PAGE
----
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From Coffins to Washing Machines, Fresh Bread, Sausages, Signs, and Now…..

Jan 01, 2021
3660 Views

New life has been breathed into an historic building at 154 Tay Street. Many people will remember the building as the bread shop in the 1980s, and a successful signwriting studio in the 1990s, but there has been many other uses for the site as well.

According to former owner Russell Everett, who had the signwriting studio there for 30 years, the building was originally used by joiners to make coffins for an undertaker.

Then it became a plumbing business and the place in town to buy a washing machine.

But when Southern Bread moved in the place really came to life.

Former co-owner Alistair Barclay was living in Christchurch at the time, and visiting the South when he told his partner Glenda Withington he was popping out for some fresh bread.

She just laughed as there was nowhere in Invercargill that made it, so Alistair said to her, “there will be by the time I have finished.”

154 Tay Street as it is today. Photo: whatsoninvers.nz

The former kitchen manager at Christchurch Hospital threw in his job, the couple sold the few small properties they had, and headed south to set up their bread shop.

They borrowed $300,000 at 28% interest which was a heck of a lot of money back then, and got started.

Bakels sent him a sales representative to help him and he hired a baker from Bluff.

“We had queues down the street for weeks. We didn’t make anything else but bread in the beginning because we were so busy.”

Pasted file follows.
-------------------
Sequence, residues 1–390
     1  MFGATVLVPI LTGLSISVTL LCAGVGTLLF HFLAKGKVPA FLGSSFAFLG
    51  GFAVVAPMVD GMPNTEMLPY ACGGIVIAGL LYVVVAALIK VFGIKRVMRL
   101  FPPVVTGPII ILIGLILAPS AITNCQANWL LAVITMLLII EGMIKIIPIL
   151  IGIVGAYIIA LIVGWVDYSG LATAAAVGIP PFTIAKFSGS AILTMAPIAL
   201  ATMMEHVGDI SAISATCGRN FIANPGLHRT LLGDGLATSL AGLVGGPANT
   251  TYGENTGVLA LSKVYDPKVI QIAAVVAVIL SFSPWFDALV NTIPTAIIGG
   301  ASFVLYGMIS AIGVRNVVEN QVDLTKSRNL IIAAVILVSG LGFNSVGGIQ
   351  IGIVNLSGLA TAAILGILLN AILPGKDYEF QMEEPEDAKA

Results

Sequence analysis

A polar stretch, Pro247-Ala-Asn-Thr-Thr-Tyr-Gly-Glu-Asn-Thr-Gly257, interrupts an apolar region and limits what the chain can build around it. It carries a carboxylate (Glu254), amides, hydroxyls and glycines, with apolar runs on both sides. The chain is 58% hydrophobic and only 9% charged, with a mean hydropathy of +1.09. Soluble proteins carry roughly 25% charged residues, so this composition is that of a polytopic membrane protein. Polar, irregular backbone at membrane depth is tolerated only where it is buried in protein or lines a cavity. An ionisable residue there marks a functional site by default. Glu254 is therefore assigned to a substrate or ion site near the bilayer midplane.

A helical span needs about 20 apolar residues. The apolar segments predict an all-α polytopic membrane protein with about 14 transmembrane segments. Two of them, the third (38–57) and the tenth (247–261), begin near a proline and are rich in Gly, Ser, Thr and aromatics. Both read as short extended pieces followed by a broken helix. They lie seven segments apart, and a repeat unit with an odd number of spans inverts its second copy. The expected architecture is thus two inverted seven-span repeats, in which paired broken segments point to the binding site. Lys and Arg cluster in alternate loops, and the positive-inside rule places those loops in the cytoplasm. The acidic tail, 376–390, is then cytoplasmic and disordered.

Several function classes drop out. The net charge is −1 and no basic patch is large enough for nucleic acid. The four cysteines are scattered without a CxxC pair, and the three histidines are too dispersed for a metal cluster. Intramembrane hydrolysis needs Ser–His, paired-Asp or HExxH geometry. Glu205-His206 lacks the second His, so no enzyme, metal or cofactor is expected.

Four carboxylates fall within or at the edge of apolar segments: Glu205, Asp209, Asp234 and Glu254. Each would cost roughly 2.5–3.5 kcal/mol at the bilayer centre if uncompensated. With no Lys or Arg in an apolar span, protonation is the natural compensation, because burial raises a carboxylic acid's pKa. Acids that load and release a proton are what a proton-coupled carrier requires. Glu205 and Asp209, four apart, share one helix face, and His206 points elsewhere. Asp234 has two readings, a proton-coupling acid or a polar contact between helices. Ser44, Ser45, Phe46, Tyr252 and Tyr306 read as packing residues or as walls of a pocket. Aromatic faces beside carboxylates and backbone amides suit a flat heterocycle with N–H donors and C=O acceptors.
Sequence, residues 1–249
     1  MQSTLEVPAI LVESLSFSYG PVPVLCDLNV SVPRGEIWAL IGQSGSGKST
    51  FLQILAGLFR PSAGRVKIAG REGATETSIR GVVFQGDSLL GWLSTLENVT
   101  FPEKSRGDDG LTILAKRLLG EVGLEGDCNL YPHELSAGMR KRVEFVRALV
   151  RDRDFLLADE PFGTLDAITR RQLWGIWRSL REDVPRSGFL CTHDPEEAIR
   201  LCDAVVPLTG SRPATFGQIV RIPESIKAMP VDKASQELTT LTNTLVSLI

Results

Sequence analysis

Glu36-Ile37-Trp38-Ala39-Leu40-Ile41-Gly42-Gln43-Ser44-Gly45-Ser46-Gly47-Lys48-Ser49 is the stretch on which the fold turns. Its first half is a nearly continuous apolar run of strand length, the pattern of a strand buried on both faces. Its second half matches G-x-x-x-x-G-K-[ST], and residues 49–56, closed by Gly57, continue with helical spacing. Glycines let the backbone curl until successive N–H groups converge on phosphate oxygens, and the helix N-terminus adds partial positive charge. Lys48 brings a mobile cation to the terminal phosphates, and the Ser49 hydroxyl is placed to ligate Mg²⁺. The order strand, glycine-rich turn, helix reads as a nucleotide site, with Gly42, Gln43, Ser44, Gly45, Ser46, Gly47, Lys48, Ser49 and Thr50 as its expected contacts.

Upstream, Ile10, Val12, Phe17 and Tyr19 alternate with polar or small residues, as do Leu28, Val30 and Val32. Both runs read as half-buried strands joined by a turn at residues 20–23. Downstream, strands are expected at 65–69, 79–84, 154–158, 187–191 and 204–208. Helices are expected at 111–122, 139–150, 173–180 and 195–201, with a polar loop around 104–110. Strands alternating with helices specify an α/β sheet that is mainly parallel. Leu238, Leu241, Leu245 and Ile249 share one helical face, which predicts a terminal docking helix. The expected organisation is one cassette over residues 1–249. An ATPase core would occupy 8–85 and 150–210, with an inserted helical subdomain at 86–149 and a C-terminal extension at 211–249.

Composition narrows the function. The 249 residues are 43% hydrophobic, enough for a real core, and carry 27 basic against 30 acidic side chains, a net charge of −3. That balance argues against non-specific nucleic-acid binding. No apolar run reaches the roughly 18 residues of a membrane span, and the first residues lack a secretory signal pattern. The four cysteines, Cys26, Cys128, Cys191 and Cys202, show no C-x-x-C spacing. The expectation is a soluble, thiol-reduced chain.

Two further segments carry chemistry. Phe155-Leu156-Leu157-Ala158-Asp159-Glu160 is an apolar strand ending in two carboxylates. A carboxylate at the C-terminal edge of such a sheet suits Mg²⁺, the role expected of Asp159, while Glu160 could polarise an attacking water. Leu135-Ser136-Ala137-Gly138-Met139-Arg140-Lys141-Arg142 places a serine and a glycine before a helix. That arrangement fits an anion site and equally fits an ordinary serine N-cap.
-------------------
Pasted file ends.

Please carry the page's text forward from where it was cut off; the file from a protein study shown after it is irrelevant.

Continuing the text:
Vans were heading to Bluff two to three times a week with fresh loaves ready for the fishing boats, and eventually they branched out into savoury breads and sweet breads (including chocolate and apple).

Southern Hot Bread shop featured in the 1982 ICC magazine. Photo: oldinvercargill.nz

“It was insane. It was absolutely fabulous. Our bread shop was open all hours and we played odd music really loud,” he remembers fondly.

The now 75-year-old admits to being pretty cheeky and liked to do things his way.

Coca Cola threatened to take away his fridges because he was also filling them with other things – even though he sold the most coke in town.

He dumped the fridges out on the street and filled his own ones up with Pepsi instead. Of course people still bought it.

After the bread shop closed somebody else bought the place and made sausages for a short time, before Russell moved in with Everett Studios.

Although just a small business, he was largely successful and secured national contracts with companies such as Dominion Breweries in his 50-year career.

“A lot of people worked there over the years and for a long time,” he said.

But after he retired to Queenstown with wife Mandy, the building was abandoned for many years, until along came Tracey O’Neill – a former polytechnic tutor who needed a space to set up her eco products.

She and her partner convinced the new owner to pay for the materials needed to fix up the old building, and it’s now starting to pay off.

The couple recently spent nights and weekends for two months making the place habitable again, after it had been completely damaged by vandals.

“We had to make it watertight and that was hard. There was water everywhere and windows broken. Then there was the floor…”

The final job was to give it a good coat of paint on the inside to cover up all the graffiti.

Tracey was looking for a small shop for her ‘Somewhat Green’ business, and along with a friend who is a knitter, they managed to bring together six businesses to lease the space.

The rest is history – in the making. 154 Tay Street lives on.

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